I’ve been working with this a lot recently and thought I’d share some of what I found with you.
You'll see that I'll refer a lot to Robert McMurray's post as he is the Program Manager for this feature in the IIS product team.
First of all you can download the release version from http://www.iis.net/ftp.
Then you need to install the fix below.
955136 A hotfix rollup is available for the out-of-band FTP service for IIS 7.0 http://support.microsoft.com/default.aspx?scid=kb;EN-US;955136
Then to setup the FTP over SSL you can follow the steps at http://learn.iis.net/page.aspx/304/using-ftp-over-ssl/
The steps are pretty simple.
You need to
a) Create a Self Signed Certificate
b) Create your site and enable SSL using the Certificate above.
Ok, so now you have a Secure FTP site and so how do you connect?
Well you can use one of the following tools.
a) A command line FTPS.exe similar to FTP.exe in Windows from http://www.ipswitchft.com/moveitfreely or
b) A GUI tool like Filezilla from http://filezilla-project.org/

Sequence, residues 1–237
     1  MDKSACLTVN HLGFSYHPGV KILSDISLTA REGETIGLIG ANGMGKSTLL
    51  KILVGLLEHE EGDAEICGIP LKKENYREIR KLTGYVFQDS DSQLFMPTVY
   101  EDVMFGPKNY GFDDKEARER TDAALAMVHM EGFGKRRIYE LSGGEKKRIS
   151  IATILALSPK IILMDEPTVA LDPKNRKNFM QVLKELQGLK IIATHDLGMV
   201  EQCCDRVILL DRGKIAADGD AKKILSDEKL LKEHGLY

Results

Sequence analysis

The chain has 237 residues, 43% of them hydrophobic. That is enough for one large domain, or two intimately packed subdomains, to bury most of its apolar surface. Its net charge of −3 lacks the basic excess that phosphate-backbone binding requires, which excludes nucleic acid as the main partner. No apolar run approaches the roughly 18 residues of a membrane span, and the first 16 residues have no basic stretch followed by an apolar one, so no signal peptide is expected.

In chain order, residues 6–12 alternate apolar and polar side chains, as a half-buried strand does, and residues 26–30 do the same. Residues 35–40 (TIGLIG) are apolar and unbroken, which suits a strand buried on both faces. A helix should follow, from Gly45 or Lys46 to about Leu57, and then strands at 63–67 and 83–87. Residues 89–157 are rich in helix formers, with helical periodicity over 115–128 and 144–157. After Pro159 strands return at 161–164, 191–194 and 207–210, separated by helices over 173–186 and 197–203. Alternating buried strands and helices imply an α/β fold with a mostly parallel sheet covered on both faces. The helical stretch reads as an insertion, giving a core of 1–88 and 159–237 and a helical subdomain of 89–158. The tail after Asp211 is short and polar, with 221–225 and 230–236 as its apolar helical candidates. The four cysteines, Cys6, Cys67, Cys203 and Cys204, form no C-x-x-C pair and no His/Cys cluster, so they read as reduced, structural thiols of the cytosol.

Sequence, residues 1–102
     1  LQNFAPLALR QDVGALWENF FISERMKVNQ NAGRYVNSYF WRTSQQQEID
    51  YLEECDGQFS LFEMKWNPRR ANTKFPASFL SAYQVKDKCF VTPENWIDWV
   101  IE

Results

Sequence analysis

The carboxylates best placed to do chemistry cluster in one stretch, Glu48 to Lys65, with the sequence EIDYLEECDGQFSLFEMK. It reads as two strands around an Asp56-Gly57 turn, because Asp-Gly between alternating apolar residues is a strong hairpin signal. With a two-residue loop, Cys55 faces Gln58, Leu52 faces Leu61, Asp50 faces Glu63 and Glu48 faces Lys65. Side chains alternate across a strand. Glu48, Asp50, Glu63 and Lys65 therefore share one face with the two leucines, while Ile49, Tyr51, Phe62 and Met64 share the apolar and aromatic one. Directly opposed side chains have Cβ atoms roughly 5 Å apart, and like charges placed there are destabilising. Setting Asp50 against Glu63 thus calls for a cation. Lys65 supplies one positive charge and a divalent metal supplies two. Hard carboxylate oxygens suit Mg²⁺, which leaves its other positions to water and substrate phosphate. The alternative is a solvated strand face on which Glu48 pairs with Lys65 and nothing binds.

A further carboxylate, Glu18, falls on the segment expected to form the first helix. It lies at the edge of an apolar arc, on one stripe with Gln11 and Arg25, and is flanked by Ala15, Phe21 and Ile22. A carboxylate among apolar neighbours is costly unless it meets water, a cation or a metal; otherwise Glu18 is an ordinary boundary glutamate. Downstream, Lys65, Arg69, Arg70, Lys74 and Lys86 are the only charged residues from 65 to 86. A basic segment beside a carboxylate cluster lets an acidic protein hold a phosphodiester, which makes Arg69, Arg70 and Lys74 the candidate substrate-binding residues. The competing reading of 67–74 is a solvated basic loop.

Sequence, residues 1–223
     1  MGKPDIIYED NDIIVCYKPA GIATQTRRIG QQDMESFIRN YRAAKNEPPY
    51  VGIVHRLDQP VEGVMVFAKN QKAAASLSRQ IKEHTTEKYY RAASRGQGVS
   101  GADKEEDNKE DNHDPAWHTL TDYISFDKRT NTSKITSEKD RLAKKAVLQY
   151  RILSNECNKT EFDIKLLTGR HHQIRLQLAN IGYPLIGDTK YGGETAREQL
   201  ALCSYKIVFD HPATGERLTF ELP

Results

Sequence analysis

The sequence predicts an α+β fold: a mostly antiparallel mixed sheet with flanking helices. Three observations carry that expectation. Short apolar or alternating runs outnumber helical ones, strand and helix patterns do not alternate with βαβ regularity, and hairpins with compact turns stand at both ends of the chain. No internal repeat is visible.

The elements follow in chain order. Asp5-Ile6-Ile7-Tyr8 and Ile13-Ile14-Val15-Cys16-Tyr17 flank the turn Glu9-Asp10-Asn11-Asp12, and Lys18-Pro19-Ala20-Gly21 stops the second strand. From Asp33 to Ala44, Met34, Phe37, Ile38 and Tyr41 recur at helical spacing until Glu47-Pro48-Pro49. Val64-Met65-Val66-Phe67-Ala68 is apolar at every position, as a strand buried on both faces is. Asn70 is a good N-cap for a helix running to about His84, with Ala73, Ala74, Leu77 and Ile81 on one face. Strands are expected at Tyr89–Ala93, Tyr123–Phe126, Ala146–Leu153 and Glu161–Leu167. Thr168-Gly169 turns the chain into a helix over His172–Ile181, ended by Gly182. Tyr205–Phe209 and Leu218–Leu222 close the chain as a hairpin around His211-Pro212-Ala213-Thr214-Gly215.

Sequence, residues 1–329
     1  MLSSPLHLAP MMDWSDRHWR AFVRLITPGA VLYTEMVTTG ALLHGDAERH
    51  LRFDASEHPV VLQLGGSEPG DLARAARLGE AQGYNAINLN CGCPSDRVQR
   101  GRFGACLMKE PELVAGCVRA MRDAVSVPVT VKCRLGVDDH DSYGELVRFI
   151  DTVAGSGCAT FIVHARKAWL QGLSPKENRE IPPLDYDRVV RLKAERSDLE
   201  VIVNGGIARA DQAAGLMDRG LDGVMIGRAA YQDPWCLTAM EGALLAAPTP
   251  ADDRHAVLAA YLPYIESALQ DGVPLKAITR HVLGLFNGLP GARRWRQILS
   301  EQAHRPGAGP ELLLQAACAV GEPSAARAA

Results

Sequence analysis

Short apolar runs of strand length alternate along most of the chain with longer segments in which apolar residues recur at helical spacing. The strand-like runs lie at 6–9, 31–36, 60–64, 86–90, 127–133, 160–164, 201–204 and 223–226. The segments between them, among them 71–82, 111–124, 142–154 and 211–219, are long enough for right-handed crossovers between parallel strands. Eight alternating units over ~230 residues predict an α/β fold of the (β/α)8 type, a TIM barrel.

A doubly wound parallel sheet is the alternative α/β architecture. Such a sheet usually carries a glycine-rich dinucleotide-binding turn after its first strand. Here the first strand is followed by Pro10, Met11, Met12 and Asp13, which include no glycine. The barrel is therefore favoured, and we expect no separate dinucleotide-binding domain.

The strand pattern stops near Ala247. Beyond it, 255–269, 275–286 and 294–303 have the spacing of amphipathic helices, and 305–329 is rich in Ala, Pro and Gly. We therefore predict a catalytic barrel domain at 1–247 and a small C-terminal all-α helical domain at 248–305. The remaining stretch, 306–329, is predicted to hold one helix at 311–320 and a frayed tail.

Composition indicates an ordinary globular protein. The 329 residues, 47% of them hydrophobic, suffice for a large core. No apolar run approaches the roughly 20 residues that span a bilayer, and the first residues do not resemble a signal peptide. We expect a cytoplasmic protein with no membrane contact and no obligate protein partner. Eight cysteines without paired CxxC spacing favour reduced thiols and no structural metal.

You'll see from the following blog entry how the current Web Browsers support Secure FTP.
So that's why you'll need to test with FTPS.exe or Filezilla.
Then you come to the interesting part which is Implicit or Explicit FTP?
Once again Robert covers this well here.
Implicit FTPS means that the FTP communication is encrypted from the very first packet.
An SSL Handshake must be carried out before you exchange any FTP commands.
Explicit FTPS means that an FTP client connects over the control/command channel (usually on port 21), and then the client can negotiate SSL for either the command/control channel or the data channel using new FTP commands like AUTH, PROT, CCC, etc.
You'll see that the Advanced SSL Policy gives you more granular controls over what happens on the control and data channels.
This means that the following defines how the FTP Server uses Explicit or Implicit FTP.
If you enable FTPS and you assign the FTP site to the default port of 21, you are using Explicit SSL.
If you enable FTPS and you assign the FTP site to port 990, you are using Implicit SSL.
In point of fact, if you enable FTPS and you assign the FTP site to any port other than port 990, you are always using Explicit SSL.
The FTP logs are a good resource for troubleshooting and there is also some good ETW tracing.
The instructions for setting this up and parsing the log files are here.
http://blogs.iis.net/sudt/archive/2008/08/28/collecting-etw-traces-for-ftp-sessions.aspx I hope this is useful and I’ve enjoyed learning about the great features in this new FTP release.
PingBack from http://www.tmao.info/introduction-to-the-secure-ftp-server-70-in-windows-2008/